As it’s Groundhog Day, here’s the story behind ’11:42′ – but not because of the cute little woodchuck that predicts the arrival of Spring every Feb 2nd in Punxsutawney, Pennsylvania.
Some books are parties to which you are invited, full of friends who are there even when you have no friends.
When Florence’s baby was born dead, she found she couldn’t cry. Not at first. She had known for some time that it was dead. She voiced her concern to Doctor Foster just the week before, calling him to the house to listen to her still, silent belly.
“Nonsense, Mrs Morgan. I have never seen a young mother as healthy as you,” he declared.
He would hear no more of it and didn’t even bother to open his Gladstone bag or write anything down. Before he left her house, she heard him talking to George in his study about how women flapped too much at the slightest thing. George apologised for his wasted time.
The baby’s face was squashed and swollen and covered in scratches made by tiny fingernails. It would have been a girl. She would have been a girl. Florence named her Lucy out loud, but in her head she called her Little Lost Lucy. She was tiny and beautiful to her mother, and Florence held her cold, grey body and sang lullabies under her breath until the hospital nurse decided to separate them. One to the morgue, one to the ward. Florence wanted to go to the morgue too. So much. She clung to Little Lost Lucy with the last shred of her strength and determination, and the nurse had to fetch two more nurses to help her.
When her arms gave up her baby, Florence let out a noise like a wounded animal. The noise left the room, travelled down the corridor, and reached into every ward. All eighty-seven patients shifted in their beds, even the very sick ones. All of them knew that a mother had lost a child. It was that kind of noise.
Florence was wheeled into a ward where six new mothers sat cooing over their living babies. She was expected to recover from her grief surrounded by the happiness of others. The mothers did not speak to her because they didn’t know what to say. Nor did Florence speak to them, but that was because she couldn’t speak. She was afraid that, if she opened her mouth, the noise would come out again. It was waiting there, somewhere deep down in the darkness, like a patchwork dam holding back a lakeful of tears.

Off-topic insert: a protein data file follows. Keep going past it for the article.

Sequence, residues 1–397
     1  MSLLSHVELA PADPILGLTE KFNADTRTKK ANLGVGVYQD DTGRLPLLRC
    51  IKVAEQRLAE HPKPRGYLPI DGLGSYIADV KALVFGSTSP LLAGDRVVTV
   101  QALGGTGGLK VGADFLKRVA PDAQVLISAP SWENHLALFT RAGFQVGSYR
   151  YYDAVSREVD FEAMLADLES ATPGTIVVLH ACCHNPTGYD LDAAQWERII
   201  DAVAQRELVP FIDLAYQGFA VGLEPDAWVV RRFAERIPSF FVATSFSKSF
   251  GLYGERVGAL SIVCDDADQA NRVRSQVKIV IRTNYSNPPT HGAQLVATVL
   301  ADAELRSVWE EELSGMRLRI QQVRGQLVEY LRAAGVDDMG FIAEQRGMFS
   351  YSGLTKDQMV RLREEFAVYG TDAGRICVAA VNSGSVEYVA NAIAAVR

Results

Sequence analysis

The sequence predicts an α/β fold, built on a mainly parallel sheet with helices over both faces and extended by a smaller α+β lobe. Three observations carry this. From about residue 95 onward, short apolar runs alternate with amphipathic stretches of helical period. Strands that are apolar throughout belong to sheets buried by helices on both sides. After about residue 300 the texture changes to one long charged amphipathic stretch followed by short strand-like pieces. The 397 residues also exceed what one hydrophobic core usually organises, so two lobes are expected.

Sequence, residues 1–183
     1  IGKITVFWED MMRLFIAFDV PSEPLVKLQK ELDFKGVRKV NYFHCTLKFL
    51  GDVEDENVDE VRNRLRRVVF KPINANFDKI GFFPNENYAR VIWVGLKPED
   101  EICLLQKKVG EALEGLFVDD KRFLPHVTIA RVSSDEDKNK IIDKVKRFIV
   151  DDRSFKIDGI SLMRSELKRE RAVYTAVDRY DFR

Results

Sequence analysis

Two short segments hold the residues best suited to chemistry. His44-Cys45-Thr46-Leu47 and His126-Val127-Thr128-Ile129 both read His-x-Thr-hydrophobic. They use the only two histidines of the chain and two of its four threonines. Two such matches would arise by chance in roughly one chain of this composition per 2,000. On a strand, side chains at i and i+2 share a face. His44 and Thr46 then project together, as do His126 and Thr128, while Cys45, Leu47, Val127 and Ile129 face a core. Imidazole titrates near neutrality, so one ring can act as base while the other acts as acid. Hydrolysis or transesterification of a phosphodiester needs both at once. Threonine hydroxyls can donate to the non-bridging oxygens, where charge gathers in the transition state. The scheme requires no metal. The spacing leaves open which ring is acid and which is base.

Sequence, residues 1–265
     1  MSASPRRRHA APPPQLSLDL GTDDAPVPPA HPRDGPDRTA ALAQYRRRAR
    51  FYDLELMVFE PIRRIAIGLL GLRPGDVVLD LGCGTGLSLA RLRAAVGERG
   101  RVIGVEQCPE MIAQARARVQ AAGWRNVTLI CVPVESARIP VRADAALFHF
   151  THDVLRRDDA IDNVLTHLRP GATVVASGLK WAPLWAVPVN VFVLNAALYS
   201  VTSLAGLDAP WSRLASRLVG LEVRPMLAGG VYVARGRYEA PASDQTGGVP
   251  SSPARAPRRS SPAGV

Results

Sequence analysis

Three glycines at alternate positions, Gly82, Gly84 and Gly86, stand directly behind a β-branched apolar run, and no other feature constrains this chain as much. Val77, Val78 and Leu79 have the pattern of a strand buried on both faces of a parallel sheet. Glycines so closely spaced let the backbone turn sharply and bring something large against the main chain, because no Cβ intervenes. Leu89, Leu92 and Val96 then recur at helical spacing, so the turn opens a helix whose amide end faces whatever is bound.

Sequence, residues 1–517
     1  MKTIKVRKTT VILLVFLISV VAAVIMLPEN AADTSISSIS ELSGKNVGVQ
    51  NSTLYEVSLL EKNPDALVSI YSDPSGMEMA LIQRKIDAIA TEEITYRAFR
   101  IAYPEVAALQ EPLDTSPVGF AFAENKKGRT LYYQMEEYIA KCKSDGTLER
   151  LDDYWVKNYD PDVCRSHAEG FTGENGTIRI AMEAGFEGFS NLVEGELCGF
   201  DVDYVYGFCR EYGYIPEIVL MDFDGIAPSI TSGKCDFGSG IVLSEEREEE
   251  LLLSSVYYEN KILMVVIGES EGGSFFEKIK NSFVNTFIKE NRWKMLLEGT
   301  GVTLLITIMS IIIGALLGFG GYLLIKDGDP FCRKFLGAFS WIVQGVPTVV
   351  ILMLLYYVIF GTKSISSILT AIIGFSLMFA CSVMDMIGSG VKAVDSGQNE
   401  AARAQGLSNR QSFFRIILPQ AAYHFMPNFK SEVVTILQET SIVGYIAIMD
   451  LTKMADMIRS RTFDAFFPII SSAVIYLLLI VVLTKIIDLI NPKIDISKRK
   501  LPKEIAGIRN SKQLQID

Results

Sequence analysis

Doctor Foster visited. He patted her hand and ignored the glare she fixed on him. Muttered something about weak hearts. Florence closed her eyes tight shut and when she opened them again he was gone.
George visited. He said ‘There, there. Never mind’, and Florence wanted to wrap her hands around his neck and squeeze extremely hard. But, of course, she didn’t. In George’s humble opinion, there would be others. Florence was not quite twenty. George was not quite thirty. Plenty of time.
Florence dared to open her mouth at last. “I don’t want others. I wanted Lucy.”
Little Lost Lucy, her heart whispered.
“Lucy? What kind of name is that?” George said. “Not that it matters.”
Not that it matters.
Standing in the corner of my grandma’s hallway in my disgrace, the stolen shortbread still melting on my tongue, I placed my hands on the walls, closed my eyes and saw Grandad.
Everyone has that book, or series of books, that defines their childhood and influences their future lives in some way. This is mine. What’s yours, and why?
When I first discovered ‘Flambards’ by K.M Peyton, I devoured the whole series, and returned to them again and again. They had everything; a strong heroine who was so real to me she was like a best friend, a hero who had his weaknesses but it still gives me pangs when I think of his sad fate, and a First World War setting – not on the front line, but on the home front – which pits the rise of automobiles and airplanes against the decline of horses and cavalry, and delves into women’s rights and the crumbling of social divisions. Cleverly, the house – ‘Flambards’ – is a mirror that reflects this era of change in Britain. Its fate is directly affected by all that is going on around it, and yet it is also a symbol for everything the heroine is experiencing. She is tied to it. It becomes her heart.
Flambards taught me, like no other books I read in my childhood, that
In which Jo gets to look after a bookshop for a whole blinking day!
Well, remember yesterday, when I wrote about the exciting news of a Bristol academic cracking the code to the Oddest Book in the World…?